Ex-mob enforcer-turned-private investigator Isaiah Coleridge pits himself against a rich and powerful foe when he digs into a possible murder and a sketchy real-estate deal worth billions.
Ex-majordomo and bodyguard to an industrial tycoon-cum-U.S. senator, Badja Adeyemi is in hiding and shortly on his way to either a jail cell or a grave, depending on who finds him first. In his final days as a free man, he hires Isaiah Coleridge to tie up a loose end: the suspicious death of his nephew four years earlier. At the time police declared it an accident, and Adeyemi isn't sure it wasn't, but one final look may bring his sister peace.
So it is that Coleridge and his investigative partner, Lionel Robard, find themselves in the upper reaches of New York State, in a tiny town that is home to outsized secrets and an unnerving cabal of locals who are protecting them. At the epicenter of it all is the site of a stalled supercollider project, an immense subterranean construction that may have an even deeper, more insidious purpose. . . .
About the Author
Laird Barron was born in Alaska, where he raised huskies and worked in the construction and fishing industries for much of his youth. He is the author of several short-story collections and three novels, and his work has also appeared in many magazines and anthologies. A multiple Locus, World Fantasy, and Bram Stoker Award nominee, he is also a three-time winner of the Shirley Jackson Award. Barron lives in Kingston, New York.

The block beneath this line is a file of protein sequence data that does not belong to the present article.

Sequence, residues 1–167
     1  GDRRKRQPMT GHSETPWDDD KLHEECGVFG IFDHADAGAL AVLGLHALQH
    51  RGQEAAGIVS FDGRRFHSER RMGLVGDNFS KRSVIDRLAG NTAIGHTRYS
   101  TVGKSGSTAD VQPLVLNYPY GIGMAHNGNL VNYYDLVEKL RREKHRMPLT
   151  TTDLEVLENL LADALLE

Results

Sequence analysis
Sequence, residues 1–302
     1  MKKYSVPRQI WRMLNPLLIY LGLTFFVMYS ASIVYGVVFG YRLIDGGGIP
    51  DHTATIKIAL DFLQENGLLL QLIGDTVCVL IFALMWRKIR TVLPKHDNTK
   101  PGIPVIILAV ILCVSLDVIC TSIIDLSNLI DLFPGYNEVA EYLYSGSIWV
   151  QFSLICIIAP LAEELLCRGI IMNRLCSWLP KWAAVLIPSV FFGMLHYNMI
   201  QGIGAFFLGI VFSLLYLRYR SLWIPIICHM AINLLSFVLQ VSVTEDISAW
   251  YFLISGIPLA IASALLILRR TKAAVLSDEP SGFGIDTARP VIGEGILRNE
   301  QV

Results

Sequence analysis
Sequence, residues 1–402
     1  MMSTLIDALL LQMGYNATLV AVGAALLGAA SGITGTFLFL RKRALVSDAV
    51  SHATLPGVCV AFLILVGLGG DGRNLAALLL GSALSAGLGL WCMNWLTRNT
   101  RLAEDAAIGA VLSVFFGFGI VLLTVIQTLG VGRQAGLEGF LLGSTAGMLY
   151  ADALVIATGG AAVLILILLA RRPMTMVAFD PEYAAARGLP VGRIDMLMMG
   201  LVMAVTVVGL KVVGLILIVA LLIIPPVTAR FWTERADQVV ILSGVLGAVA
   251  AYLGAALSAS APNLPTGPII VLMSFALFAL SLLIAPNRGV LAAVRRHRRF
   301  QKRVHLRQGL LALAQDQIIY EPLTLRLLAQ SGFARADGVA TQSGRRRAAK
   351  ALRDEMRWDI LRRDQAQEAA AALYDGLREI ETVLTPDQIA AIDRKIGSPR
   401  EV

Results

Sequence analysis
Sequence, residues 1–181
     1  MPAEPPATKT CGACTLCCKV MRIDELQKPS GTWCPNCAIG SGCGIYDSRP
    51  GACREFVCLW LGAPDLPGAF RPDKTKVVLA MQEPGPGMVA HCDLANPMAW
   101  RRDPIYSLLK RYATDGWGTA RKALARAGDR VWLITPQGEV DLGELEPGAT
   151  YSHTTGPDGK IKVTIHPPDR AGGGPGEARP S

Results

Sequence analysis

"Intricate and deftly written."--BookPage
"The writing is as fresh as always...Fast-paced, atmospheric, and dark enough to satisfy fans of Barron’s previous work in horror, Worse Angels is a crime thriller with a heart full of black magic; a meaty novel full of creepy moments in which the threat of violence is constant."--Criminal Element
“Great plot, but the true treasure is Barron's astoundingly wonderful and distinctive prose style. His descriptions and dialogue are sublime and, overall, he's a beautiful, witty writer whose allusions to or forays into philosophy, archaeology, science and history are enough to make the reader smile with delight.”--The Day